A study by Loyola Law School Professor Justin Levitt, who led much of the Justice Department’s voting rights work under President Obama, found only 35 credible allegations of in-person voter fraud among the 834 million ballots cast in the 2000-2014 elections.
1/15 – Spectrum News 1
“This is almost a bit of a deluge. We have more and more documentation here,” says Stanley Goldman, professor at LMU Loyola Law School.
1/15 – KPCC-FM
“If no witnesses are called, you’re simply going to have a statement made by the prosecutors and a retort from the defense. Probably not unlike what we have already heard,” says LMU Loyola Law School Professor Stanley Goldman.
1/14 – The Hill
“State courts have been increasingly willing to weigh in, knowing that nothing is coming from the federal government,” said Justin Levitt, a former top Justice Department official and law professor at Loyola Law School.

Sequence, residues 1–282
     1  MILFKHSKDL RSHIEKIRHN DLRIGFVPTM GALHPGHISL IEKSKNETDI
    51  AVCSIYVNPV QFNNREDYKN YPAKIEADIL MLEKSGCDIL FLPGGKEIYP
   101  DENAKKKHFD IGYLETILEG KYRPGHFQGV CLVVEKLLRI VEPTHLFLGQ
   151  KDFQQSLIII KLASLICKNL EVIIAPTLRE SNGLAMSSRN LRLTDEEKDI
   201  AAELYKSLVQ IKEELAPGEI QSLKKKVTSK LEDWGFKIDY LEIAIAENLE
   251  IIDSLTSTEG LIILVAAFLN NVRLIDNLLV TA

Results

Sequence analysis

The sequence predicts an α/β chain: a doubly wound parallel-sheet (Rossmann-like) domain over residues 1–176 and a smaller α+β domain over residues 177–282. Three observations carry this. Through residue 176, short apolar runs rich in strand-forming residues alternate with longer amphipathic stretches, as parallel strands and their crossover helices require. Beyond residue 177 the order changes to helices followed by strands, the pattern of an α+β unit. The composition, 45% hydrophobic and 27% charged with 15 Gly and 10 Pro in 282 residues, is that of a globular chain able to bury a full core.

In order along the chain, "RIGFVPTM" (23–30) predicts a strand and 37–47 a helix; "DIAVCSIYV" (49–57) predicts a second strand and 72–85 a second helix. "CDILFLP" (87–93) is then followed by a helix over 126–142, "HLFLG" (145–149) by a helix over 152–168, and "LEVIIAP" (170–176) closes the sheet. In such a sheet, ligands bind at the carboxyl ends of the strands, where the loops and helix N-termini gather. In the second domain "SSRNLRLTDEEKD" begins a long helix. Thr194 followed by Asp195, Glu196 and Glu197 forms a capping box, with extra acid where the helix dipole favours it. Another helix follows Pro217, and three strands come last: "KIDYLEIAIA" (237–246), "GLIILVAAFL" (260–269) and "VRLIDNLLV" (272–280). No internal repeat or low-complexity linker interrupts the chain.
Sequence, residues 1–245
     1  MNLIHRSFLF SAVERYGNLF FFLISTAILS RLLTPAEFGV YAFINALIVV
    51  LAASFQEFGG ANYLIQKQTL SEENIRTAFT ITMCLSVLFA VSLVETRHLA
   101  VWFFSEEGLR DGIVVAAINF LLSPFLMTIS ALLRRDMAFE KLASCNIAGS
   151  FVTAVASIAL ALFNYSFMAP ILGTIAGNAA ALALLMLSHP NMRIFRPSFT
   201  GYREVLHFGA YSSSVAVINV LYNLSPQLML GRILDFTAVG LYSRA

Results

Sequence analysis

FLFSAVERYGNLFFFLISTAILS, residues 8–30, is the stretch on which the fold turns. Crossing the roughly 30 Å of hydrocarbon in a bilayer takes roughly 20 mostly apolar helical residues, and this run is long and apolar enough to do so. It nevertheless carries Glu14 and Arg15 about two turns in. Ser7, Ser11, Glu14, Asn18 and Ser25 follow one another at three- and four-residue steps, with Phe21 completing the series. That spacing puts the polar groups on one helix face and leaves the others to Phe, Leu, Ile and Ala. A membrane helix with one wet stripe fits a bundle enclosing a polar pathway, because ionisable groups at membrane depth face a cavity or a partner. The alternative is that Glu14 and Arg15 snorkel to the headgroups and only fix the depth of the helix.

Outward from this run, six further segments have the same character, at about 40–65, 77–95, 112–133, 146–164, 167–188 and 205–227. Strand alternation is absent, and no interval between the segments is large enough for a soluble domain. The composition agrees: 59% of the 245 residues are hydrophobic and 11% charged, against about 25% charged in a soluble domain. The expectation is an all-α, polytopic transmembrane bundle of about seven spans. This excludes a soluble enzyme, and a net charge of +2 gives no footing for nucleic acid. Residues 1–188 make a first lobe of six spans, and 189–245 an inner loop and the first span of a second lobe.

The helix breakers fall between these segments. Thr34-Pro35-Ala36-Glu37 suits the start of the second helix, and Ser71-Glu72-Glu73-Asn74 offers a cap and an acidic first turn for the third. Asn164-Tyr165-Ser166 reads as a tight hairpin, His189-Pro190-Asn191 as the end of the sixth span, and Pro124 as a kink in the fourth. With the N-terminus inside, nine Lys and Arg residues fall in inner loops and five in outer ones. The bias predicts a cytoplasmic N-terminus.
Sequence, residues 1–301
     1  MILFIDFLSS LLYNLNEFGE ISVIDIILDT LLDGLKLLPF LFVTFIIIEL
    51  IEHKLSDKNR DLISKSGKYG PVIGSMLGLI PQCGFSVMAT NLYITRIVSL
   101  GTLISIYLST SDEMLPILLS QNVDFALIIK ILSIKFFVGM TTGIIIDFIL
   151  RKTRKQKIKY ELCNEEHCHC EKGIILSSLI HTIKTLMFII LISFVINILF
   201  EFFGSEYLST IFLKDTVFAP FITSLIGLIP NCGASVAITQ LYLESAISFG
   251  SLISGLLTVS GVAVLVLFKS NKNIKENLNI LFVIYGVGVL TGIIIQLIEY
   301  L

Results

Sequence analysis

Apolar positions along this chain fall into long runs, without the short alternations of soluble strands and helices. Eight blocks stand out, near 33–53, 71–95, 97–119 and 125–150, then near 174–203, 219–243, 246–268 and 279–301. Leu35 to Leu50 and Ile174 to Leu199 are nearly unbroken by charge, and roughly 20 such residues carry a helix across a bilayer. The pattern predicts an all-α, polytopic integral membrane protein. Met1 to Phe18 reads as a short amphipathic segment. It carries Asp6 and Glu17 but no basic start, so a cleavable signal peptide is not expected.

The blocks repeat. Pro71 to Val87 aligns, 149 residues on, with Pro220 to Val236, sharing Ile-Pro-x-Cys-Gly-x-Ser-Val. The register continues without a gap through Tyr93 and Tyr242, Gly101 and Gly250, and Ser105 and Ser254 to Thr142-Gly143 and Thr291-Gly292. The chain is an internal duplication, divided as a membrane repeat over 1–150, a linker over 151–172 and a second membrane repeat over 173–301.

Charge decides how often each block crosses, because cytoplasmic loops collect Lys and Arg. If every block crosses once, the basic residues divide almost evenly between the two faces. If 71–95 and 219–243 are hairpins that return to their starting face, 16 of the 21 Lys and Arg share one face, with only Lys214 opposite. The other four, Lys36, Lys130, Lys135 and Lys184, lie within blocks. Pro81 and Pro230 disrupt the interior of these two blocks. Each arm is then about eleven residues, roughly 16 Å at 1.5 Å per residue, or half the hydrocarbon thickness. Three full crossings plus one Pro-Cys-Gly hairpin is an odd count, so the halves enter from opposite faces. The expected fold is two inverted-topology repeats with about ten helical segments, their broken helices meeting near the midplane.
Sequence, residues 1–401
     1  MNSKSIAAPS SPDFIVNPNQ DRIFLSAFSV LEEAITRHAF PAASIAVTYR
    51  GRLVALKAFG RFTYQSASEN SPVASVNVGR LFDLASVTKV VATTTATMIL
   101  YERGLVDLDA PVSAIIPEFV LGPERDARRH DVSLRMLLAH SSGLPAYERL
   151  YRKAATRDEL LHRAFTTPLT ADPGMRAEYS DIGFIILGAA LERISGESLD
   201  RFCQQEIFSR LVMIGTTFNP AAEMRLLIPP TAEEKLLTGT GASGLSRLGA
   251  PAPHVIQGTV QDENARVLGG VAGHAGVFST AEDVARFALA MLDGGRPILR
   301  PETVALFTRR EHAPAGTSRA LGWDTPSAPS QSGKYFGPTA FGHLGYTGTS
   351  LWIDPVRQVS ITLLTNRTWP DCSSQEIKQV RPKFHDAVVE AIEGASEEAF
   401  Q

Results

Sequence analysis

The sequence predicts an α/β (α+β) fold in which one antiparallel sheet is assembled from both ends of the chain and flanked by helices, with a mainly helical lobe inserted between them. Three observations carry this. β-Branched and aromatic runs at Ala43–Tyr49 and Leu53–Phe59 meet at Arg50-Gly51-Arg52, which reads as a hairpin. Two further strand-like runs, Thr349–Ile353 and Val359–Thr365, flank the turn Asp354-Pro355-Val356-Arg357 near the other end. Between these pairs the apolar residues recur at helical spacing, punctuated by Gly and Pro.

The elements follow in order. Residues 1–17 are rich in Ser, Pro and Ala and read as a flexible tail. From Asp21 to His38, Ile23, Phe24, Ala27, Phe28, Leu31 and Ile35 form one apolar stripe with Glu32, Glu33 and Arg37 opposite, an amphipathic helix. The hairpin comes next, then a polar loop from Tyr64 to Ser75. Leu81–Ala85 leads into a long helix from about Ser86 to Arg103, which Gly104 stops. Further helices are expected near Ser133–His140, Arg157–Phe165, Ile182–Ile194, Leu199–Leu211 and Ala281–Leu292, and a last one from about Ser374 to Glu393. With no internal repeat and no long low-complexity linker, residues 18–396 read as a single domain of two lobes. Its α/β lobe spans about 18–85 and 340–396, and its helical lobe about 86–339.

1/14 – ABC News
Yang’s absence may lead some to question whether he can take his campaign all the way to the White House, said Jessica Levinson, a political commentator and professor of law at Loyola Law School.
1/14 – NBC News Think
“The case has implications far beyond the officials who helped create a traffic headache back in 2013,” writes LMU Loyola Law School Professor Jessica Levinson.
1/13 – KCRW-FM
Two officials were convicted for “two federal crimes. Both essentially dealing with fraud,” says LMU Loyola Law School Professor Jessica Levinson.
1/13 – San Francisco Chronicle